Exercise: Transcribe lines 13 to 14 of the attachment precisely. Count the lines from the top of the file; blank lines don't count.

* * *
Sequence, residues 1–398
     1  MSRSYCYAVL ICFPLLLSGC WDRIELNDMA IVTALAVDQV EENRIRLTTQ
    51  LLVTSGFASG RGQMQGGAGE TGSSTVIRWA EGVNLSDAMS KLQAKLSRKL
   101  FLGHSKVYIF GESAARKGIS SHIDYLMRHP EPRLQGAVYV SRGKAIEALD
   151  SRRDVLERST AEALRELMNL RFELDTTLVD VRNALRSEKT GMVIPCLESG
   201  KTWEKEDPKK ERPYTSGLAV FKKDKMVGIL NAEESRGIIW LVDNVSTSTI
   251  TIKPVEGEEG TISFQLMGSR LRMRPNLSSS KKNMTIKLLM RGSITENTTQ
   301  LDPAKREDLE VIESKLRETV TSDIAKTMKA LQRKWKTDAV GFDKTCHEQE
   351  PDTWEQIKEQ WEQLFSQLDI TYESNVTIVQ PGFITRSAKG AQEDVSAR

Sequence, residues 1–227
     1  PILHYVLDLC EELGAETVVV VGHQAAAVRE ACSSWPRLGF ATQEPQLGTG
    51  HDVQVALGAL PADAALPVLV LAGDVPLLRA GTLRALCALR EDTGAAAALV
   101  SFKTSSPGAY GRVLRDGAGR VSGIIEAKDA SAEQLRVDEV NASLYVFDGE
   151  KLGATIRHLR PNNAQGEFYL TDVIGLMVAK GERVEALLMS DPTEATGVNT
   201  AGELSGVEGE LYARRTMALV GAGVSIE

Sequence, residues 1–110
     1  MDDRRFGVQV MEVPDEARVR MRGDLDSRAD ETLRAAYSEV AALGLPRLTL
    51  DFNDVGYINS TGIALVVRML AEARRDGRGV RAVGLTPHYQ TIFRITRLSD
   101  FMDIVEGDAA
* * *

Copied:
   101  SFKTSSPGAY GRVLRDGAGR VSGIIEAKDA SAEQLRVDEV NASLYVFDGE
   151  KLGATIRHLR PNNAQGEFYL TDVIGLMVAK GERVEALLMS DPTEATGVNT